ViaHero · September 6, 2019
Between the Cliffs of Moher, Trinity College Library, and castles for days, Ireland’s tourist attractions are among the world’s best. But therein lies the problem. How do you narrow things down and see the best of the best—without getting stuck on the tourist track? To help out (we gotchu, boo) check out these 7 easy steps to seeing Ireland’s best tourist attractions like a pro.
Whether you want to explore Irish tourist attractions or hidden gems, connect with a local to plan your trip. They’ll design an itinerary based on your interests and travel style—so you’ll see Ireland like a local, not a tourist. Learn more.
Step #1: Make a bucket list
What’s on your Ireland bucket list? The Cliffs of Moher? Trinity College Library? The Titanic Museum in Belfast? (These are all great choices.) Whatever it is, sit down and decide which places to visit in Ireland are musts—and from there, you can start crafting the perfect Ireland itinerary. (It’s also helpful to jot down a few you don’t want to see.) With a few clear priorities in mind, the rest of it can get a lot easier.
Step #2: Decide when you want to travel
Ireland is wonderful all year round, but it’s no stranger to gray skies, misty days, and rain. If you’re hoping to explore tourist attractions like Killarney National Park or if you’re dying for that Instagram-perfect picture of the Cliffs of Moher, you may want to plan a trip for the summer. Just keep in mind that everyone loves Ireland in the summer. So hotels will be pricier, and you may face more crowds at popular spots.
Fortunately, many of Ireland's best things to do are indoors (hey, the Irish have been living with the rain for a long time). You can visit every castle and pub in the country without worrying about the weather. And some of the best things to do in Dublin stay forever cozy and dry—think the Trinity College Library, Dublin Castle, and the Guinness Storehouse.
Step #3: Pick a couple of cities to explore in-depth…
You can’t go wrong when it comes to visiting Ireland’s best cities. From Dublin to Galway, they’re incredible hubs of good food, culture, and (of course) pubs. Plus, many of Ireland’s top tourist attractions are either clustered in cities or are nearby—for example, one of the best things to do in Cork is just a short hop from the town itself: the world-famous Blarney Stone.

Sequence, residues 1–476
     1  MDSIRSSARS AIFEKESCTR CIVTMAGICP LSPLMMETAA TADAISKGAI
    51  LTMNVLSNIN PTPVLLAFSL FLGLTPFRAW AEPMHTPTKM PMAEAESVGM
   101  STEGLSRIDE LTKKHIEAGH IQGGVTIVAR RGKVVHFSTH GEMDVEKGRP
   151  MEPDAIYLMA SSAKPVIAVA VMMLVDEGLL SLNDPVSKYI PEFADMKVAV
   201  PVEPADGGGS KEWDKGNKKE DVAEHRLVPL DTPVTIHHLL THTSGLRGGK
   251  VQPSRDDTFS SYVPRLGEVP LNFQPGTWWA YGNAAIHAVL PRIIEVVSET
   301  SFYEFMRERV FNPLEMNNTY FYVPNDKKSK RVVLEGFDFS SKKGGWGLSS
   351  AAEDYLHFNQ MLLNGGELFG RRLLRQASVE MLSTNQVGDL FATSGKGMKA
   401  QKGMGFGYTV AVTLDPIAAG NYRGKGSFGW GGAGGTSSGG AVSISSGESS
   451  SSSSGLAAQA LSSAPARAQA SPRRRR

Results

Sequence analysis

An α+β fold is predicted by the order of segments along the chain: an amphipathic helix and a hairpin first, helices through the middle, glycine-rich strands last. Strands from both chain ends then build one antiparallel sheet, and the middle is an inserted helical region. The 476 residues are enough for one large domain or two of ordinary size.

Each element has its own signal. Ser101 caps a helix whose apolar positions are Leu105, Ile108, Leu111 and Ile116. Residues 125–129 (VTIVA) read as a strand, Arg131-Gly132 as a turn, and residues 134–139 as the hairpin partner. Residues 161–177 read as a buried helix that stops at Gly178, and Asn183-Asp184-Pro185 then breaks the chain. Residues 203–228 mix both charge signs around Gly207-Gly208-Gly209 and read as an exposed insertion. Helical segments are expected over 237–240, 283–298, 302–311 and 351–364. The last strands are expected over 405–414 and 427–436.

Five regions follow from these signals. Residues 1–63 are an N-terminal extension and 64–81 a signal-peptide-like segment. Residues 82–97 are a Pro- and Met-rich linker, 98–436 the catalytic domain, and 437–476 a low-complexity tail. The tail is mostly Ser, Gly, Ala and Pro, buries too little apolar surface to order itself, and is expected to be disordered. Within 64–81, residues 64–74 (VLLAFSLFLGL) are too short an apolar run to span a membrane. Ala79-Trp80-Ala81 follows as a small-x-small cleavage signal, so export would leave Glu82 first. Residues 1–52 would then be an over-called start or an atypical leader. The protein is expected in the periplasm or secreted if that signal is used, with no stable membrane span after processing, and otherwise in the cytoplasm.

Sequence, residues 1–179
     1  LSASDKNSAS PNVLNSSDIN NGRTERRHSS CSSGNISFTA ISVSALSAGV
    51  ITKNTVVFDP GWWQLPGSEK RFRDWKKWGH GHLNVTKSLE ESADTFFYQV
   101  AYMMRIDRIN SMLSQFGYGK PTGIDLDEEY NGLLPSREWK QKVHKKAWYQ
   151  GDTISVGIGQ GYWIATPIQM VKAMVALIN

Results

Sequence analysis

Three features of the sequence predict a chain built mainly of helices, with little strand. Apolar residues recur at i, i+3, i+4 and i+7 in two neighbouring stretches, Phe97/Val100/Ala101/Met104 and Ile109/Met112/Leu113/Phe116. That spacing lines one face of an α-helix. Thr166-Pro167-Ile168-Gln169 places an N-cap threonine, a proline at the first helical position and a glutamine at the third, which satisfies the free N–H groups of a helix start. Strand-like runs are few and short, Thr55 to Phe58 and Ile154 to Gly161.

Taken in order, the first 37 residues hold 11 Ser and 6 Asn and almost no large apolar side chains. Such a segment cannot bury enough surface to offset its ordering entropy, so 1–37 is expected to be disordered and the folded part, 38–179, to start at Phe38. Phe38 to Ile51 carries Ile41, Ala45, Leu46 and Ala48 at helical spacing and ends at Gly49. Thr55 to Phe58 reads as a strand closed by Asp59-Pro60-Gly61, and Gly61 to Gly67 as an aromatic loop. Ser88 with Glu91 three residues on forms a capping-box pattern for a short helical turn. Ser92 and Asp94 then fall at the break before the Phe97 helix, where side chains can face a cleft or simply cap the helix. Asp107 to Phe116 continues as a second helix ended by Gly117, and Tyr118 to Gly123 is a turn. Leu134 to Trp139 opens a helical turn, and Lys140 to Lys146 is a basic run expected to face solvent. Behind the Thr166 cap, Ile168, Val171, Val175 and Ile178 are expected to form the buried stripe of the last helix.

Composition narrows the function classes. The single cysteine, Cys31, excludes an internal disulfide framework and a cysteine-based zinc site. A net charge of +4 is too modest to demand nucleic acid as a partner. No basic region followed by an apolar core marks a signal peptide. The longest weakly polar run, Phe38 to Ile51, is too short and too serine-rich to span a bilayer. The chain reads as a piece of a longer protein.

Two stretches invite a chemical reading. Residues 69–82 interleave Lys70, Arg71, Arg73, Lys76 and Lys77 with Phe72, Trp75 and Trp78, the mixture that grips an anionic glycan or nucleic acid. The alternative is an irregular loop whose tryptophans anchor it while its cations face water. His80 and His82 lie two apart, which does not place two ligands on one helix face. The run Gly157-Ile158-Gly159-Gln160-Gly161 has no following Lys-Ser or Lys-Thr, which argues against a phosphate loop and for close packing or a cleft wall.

But if you’re averse to renting a car, it’s totally possible to spend a trip enjoying the tourist attractions within city limits. Just connect with an Irish local like our friend Ian, who can plan a city-themed trip based on your travel style (he’s been living in Ireland his whole life, so he knows what he’s talking about).
Step #4: ...or rent a car to see them all!
Of course, it’s really fun to visit Ireland’s small towns too—they’re so wonderful—and the best way to do that is with a car. Irish towns like Kinsale and Dingle are tourist attractions themselves and offer visitors a unique look at Irish life. Plus, having a car makes it easier to get off the beaten Irish path and discover some of the country’s hidden gems.
If you have a car, you can think about focusing your trip around a region rather than a city. There are so many great things to do in the west of Ireland, and Northern Ireland bursts with exciting sites. To see the unique side of these regions, connect with an Irish local to plan your trip!
#5: Plan to explore more than Dublin
That’s right, folks—there’s way more to Ireland than Dublin. Yes, the capital is one of the best places to visit in Ireland, but you’re missing out if it’s all you see. And Ireland makes it easy! Even if you want to start in Dublin, it’s easy to explore all the cool things to do in Kilkenny, for example—it’s just about 90 minutes away. And Kilkenny is home to one of Ireland’s top tourist attractions—the impressive Kilkenny Castle.
#6: Consider crossing the border
Don’t let a border crossing deter you! Although most travelers focus on the Republic of Ireland, Northern Ireland is really fantastic—Belfast has some amazing stuff to do. So does Derry.
While you’re in the north, it’s also easy to visit cities like Donegal or Carlingford; back in the Republic of Ireland, Donegal is about an hour south of Derry and Carlingford is an hour south of Belfast.
TL;DR: some of Ireland’s coolest places to visit are up north, and you shouldn’t let a border crossing deter you. Just remember to bring your passport!
#7: Connect with an Irish local to plan your trip
Whether you want to see Ireland’s tourist attractions or are hoping to discover hidden gems, connect with an Irish local to help plan your trip. They’ll help design an immersive itinerary that includes all the top Irish sights, designed around on what you want to see, and how you want to travel! With their help, you’ll discover the best way to see Ireland’s tourist attractions.
If you want to see the real Ireland, ask a local to show it to you! They’ll help you navigate Ireland’s tourist attractions as well as the country’s hidden gems—by designing a custom itinerary that combines *your* interests and *their* insight. Basically, it’s like having a best friend in Ireland. That beats lugging around a guidebook every time. Learn more.
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